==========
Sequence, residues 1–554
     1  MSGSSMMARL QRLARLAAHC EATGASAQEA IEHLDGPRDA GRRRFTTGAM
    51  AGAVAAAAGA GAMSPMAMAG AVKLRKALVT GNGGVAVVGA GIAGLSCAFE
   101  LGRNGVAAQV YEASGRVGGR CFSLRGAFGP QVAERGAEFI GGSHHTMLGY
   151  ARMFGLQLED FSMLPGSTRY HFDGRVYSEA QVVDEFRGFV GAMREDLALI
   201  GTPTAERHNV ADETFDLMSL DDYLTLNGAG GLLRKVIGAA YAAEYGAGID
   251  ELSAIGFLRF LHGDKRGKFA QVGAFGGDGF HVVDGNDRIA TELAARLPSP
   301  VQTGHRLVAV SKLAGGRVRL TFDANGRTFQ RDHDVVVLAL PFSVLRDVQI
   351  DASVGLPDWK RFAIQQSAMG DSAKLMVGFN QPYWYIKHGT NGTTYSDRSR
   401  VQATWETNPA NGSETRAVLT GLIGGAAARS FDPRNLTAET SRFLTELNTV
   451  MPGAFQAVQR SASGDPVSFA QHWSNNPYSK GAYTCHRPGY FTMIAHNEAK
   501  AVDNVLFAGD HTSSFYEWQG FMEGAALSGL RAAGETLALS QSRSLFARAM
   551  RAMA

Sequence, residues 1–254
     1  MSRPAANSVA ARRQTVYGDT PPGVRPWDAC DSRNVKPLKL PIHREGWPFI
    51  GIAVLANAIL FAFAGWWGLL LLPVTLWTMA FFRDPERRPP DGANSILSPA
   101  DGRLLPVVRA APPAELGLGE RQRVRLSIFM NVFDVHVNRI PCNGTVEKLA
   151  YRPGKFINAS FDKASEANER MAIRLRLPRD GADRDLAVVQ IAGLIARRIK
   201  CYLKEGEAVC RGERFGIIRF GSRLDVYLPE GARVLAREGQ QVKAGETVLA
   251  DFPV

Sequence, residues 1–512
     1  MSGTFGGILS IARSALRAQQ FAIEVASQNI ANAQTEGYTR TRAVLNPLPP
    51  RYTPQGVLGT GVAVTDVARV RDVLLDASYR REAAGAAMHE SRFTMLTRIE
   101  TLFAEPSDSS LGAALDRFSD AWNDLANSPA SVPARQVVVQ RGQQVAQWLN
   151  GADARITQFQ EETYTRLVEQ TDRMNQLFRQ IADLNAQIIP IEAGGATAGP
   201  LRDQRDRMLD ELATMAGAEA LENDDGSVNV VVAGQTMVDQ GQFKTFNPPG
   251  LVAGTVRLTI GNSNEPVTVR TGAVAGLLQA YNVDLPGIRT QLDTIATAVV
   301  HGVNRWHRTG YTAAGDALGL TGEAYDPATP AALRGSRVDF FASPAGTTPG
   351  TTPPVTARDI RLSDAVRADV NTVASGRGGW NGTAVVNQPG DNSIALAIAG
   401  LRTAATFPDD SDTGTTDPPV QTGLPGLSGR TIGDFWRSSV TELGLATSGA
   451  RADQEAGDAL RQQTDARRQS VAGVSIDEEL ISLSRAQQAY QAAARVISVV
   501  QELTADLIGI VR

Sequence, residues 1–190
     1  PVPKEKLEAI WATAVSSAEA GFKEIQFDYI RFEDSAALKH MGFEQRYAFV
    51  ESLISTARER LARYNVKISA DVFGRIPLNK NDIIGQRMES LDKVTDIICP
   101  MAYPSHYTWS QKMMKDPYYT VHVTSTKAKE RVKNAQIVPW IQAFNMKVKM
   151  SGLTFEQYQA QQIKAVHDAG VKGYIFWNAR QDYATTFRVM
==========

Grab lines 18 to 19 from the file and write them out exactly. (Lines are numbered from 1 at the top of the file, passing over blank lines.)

   151  YRPGKFINAS FDKASEANER MAIRLRLPRD GADRDLAVVQ IAGLIARRIK
   201  CYLKEGEAVC RGERFGIIRF GSRLDVYLPE GARVLAREGQ QVKAGETVLA